Maichle also served as a consultant for presidential candidate Herman Cain in 2011. Born and raised in Wisconsin, he holds degrees from Madison College and the University of Wisconsin-Madison.
Latest posts by Kyle Maichle (see all)
In addition to commemorating the 651,031 Americans who lost their lives in wars, Memorial Day and other soon-to-be-celebrated patriotic commemorations — such as Flag Day and Independence Day — should inspire elected officials to act as soon as possible to hold an Article V convention to restore essential political safeguards that helped to make this nation great in the past.
Mismanagement and waste in government agencies, exemplified by the disastrous conditions at hospitals run by the U.S. Department of Veterans Affairs (VA), show the need for serious reforms at the national level, changes that can’t be made through normal legislative processes.
The airmen, Marines, and soldiers who lost their lives in our nation’s armed conflicts would be ashamed of the current state of politics in America. Our national government faces an annual budget deficit of $511 billion and a national debt of $19.2 trillion. Although the Republican-controlled Congress has been working on a balanced budget amendment, a two-thirds vote in both houses of Congress is necessary to approve a constitutional amendment, and the lack of Democrat co-sponsorship makes it all but impossible to achieve the needed reform.
This should not be a partisan issue. Americans of all political stripes are acknowledging their disgust with the current political gridlock. According to a poll released on May 19 by CBS News and The New York Times, 77 percent of people say they disapprove of the job performance of Congress.
The Department of Veterans Affairs alone has a budget of $163 billion for the 2016 fiscal year, a 10 percent increase over the 2015 fiscal year. However, only 31 percent of the $71.4 billion categorized as discretionary spending is going towards veterans’ care and only $4.9 billion for mental health care of Afghanistan and Iraqi war veterans. The 2016 budget shows the VA is not setting sensible priorities for our surviving veterans, many of whom will need years of care for the wounds they have suffered on the battlefield. A balanced budget amendment would force agencies to spend more wisely. In the VA’s case, the priority should be on veterans’ care, not financing a vast and grossly inept army of overpaid government bureaucrats.
The Obama administration’s Department of Veterans Affairs has already established a sad legacy of abusing the taxpayers’ trust and operating a culture of mismanagement. The U.S. Senate Committee on Armed Services hearings in 2014 revealed VA officials had covered up long wait times to make their records look better. The problem was widespread in cities such as Phoenix, Arizona, where veterans waited up to a year for a doctor and where 40 veterans died while waiting for lifesaving care.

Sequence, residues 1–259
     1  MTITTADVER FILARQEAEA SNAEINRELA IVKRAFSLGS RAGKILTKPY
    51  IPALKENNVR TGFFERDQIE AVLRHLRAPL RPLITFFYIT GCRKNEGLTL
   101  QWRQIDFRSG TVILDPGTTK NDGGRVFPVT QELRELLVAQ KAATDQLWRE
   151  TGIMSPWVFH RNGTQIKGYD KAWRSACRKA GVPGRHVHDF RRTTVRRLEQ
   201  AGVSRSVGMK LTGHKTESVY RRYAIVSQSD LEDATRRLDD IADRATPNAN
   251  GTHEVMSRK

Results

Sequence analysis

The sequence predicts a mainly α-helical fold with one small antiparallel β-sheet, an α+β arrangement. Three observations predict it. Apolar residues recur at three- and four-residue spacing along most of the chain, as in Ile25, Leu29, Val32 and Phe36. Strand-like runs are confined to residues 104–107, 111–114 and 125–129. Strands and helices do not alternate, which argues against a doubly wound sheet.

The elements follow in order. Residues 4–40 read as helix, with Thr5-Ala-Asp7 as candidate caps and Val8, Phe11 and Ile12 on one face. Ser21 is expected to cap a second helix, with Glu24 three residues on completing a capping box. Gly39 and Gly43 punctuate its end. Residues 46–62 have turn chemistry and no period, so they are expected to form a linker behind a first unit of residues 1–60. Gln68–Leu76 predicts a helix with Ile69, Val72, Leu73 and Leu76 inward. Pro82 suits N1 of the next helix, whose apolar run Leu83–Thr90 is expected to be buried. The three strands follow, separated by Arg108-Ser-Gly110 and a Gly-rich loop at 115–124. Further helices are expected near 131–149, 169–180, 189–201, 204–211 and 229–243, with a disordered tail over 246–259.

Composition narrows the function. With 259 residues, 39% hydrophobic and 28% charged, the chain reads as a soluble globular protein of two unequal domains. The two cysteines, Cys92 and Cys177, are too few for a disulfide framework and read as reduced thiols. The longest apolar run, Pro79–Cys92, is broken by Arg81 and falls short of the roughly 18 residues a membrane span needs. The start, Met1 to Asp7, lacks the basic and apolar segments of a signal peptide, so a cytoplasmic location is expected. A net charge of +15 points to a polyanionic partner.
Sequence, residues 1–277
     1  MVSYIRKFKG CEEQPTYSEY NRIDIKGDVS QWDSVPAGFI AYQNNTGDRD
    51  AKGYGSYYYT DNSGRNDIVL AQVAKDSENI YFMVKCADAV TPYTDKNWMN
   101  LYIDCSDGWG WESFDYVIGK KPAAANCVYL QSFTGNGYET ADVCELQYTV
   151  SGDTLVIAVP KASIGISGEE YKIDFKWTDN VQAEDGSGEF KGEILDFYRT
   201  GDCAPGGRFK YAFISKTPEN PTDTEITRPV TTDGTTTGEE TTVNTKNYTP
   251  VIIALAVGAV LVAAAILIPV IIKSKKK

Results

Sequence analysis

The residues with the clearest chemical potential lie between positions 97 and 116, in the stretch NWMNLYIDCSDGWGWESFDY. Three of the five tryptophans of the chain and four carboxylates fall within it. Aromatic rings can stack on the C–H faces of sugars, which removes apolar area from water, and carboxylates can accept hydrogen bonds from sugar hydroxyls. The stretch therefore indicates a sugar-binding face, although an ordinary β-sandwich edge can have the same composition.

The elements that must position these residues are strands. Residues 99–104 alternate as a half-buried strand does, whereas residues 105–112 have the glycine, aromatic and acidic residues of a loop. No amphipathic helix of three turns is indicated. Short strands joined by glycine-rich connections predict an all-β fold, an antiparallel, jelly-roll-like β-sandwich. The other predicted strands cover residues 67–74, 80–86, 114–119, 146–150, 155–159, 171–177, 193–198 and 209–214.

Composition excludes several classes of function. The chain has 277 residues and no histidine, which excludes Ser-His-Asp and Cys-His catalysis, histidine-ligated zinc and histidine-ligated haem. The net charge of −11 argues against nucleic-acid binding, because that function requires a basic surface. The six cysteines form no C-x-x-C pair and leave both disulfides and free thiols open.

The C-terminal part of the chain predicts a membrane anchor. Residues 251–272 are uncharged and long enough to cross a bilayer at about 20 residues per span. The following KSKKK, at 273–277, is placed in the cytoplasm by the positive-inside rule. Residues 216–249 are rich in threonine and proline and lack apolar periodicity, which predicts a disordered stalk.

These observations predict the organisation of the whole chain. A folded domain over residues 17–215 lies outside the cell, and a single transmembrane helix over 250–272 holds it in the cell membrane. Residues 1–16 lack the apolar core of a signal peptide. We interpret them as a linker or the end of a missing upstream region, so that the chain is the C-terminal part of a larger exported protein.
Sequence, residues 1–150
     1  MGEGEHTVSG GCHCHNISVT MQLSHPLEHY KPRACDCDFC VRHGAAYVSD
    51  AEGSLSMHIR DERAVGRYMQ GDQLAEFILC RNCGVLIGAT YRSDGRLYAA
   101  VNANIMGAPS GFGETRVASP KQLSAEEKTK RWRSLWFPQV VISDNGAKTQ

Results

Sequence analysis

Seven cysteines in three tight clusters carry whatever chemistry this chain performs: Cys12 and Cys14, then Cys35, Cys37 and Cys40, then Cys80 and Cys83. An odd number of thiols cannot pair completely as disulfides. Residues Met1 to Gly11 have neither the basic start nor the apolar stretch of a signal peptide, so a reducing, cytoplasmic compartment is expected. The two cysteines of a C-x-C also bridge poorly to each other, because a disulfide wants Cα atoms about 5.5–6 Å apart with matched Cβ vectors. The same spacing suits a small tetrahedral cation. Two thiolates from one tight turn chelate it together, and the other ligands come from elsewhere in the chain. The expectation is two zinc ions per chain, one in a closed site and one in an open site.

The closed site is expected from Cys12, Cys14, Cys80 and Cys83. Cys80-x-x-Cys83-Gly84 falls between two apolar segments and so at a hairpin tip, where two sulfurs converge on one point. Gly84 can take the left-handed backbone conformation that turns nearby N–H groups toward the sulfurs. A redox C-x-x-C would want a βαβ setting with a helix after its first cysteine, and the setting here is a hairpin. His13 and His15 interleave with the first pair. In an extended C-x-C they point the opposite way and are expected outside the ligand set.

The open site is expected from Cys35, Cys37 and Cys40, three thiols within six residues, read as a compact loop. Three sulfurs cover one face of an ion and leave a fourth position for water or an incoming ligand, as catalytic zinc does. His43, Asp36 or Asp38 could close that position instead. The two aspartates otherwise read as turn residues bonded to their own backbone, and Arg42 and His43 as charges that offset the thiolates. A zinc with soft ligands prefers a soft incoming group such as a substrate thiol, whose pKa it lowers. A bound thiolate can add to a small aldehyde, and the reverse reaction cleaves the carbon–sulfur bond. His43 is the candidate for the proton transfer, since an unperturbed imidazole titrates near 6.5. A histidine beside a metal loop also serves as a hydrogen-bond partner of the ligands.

Congress allocated $700 million for fiscal year 2016 to remedy the problem, but no amount of spending can fix the problem if government agencies are not forced to obey fiscal constraints that require them to maximize efficiency and effectiveness. That is why forcing government agencies such as the VA to live within their fiscal limits ensures better government services.
State governments across the nation that are fed up with mismanagement of the national government are now moving forward to call for an Article V convention in an effort to create a balanced budget amendment requirement. Article V of the U.S. Constitution provides two ways for proposal of amendments: initiation by Congress or by the states. Thus far in American history, the states have never managed to propose an amendment, but that may be about to change.
At present, 28 states have enacted applications calling for a balanced budget amendment, and seven states have enacted applications calling for additional amendments to rein in the national government. One state, Alaska, has already enacted an application to give states the authority to override unconstitutional laws and regulations from the national government. State legislators are doing the job the Congress is not doing.
Six more states are needed to require Congress to call a convention. State legislators in Arizona, Idaho, Kentucky, Montana, South Carolina, Washington, Wisconsin, and Wyoming can ensure veterans and all citizens have a national government that is fiscally sound. The Article V process is a part of our constitution and creates no danger of radical change. It is designed to enable moderate changes to our Constitution to prevent disastrous policies from undermining the legitimacy and public acceptance of the national government. We’re dangerously close to such a situation, and we need moderate change now to avert a government implosion in the near future.
The amendments the Article V movement is proposing are our best hope to preserve the liberties and constitutional order for which our veterans have devoted — and, in many cases, sacrificed — their lives.